Unfortunately, I don’t have a whole lot of time to debug. (I recently started a new job, and I’m still in the drowning phase of learning everything I need to know.) I’m trying to fix the problem with what time I have, but debugging web systems involving multiple servers is painful at best. As a short-term solution, you should be able to read the equations by viewing the post in a browser. I realize that that is a very suboptimal solution which frustrates readers – but until I have the time to sit down and figure out what the heck is going on, it’s the best that I can do.
My understanding of proper class is that it is used for collections that have become too large to be sets (in particular, too large to sensibly create a power set, too large to be assigned a cardinal number, etc.). For example, the class of all cardinal numbers is a proper class of sets. Thus, referring to the categories as small means they are of a size where they have a cardinality.
Yes, I understand that. I just personally dislike a terminology that calls uses the label “small” for things that are, potentially, infinitely large. It’s not an incorrect terminology, and it does sort-of make sense once someone explains it to you; but when you first hear it, it’s odd.
I guess I found “If a class isn’t a set of sets, but just a collection that isn’t a set, then it’s called a proper class.”, and in particular the “of sets”, confusing.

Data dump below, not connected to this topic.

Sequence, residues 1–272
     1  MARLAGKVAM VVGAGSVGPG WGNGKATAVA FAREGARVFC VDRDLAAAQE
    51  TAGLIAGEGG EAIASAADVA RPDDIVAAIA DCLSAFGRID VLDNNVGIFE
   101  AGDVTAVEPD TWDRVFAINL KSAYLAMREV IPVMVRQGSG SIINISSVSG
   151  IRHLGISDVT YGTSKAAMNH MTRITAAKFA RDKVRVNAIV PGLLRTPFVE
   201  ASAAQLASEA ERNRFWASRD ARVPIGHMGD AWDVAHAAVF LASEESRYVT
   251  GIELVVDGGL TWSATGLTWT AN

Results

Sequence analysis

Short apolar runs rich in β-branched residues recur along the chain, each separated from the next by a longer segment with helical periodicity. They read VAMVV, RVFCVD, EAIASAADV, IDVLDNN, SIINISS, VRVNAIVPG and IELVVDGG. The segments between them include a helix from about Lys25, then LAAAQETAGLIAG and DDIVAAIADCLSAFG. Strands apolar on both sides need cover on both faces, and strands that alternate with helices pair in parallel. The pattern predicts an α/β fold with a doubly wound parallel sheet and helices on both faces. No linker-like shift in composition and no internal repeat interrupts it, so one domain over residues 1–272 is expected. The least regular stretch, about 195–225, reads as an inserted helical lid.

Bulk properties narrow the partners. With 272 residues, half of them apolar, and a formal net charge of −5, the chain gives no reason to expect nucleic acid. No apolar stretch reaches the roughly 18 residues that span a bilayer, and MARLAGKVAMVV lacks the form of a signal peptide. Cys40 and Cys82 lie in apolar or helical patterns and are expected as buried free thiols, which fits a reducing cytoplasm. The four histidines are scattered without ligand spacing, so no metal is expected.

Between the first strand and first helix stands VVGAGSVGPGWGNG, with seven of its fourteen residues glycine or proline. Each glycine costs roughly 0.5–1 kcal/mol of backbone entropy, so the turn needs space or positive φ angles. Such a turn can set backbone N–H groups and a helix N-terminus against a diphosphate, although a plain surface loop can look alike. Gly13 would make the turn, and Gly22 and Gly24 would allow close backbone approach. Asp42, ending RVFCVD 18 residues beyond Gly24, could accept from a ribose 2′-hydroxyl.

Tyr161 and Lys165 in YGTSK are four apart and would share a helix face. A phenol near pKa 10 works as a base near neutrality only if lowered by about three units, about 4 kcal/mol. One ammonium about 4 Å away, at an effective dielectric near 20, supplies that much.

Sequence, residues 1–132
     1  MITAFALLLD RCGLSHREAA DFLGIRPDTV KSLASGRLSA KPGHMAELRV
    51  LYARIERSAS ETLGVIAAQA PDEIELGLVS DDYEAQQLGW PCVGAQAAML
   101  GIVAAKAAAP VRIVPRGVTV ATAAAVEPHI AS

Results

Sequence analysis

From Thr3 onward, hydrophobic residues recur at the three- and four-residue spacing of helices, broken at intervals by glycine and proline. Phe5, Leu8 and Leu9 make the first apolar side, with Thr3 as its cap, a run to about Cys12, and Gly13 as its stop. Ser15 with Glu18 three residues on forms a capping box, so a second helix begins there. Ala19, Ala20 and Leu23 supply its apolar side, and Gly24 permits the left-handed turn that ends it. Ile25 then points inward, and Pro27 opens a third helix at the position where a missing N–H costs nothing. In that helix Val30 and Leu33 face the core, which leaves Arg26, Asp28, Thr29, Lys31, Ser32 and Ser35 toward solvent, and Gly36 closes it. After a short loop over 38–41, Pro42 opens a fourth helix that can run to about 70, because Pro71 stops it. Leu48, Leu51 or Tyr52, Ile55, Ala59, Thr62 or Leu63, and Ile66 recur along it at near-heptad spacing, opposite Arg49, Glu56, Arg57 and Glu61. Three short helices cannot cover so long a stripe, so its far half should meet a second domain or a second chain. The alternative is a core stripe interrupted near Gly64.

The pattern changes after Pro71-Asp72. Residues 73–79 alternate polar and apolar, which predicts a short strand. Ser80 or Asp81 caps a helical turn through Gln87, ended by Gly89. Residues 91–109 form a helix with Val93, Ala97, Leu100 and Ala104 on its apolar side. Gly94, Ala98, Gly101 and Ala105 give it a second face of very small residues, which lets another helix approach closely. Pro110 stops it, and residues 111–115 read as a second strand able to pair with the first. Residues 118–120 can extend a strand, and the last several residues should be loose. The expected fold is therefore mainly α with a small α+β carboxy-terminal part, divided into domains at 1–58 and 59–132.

“Associativity is preserved”
Surely you mean *composition* is preserved.
Yes! Oy, did I really type that? Yes, I definitely meant composition. Composition is the whole point.
And it should be ∀m,n∈Mor(C):F(n∘m)=F(n)∘F(m), too (not “o”).
And: very nice posting! This is the first time I see someone explain clearly what is a class (instead of saying “it’s just like sets but it isn’t sets”, which just changes the terminology and keeps the usual paradoxes).
As for the abstraction, and to tie into your previous post, commutative diagrams are functors. Each “diagram schema” is a graph, which gives a category whose objects are the vertices and whose arrows are the edges, and we insist that certain compositions of certain arrows equal certain other arrows, as observed in the graph.
Then a functor from this toy category — one which is far from being concrete, incidentally — to a target category picks out an object of the target for each vertex and a morphism of the target for each edge such that the given equalities must still hold. Voila: commutative diagram!
In the above definition for functor, I believe you inadvertently gave the definition for a contravaiant functor, switching around the morshism composition.
Not quite. A category with a single object only gives us a monoid. A category with a single object with all functors having (both-sided) inverses gives us a group.
Then, yes, given that you can view any group as such a category, a group action on a set defines a functor from that category to the category Set and vice versa. But that inverses clause is important.
True; I’d given Mark the benefit of the doubt that he meant his statement strictly, that every group can be viewed in this way. But it’s easy to misinterpret the statement as written to mean the converse, which isn’t true.
Pingback: Weekly List Bookmarks (weekly) | Eccentric Eclectica @ ToddSuomela.com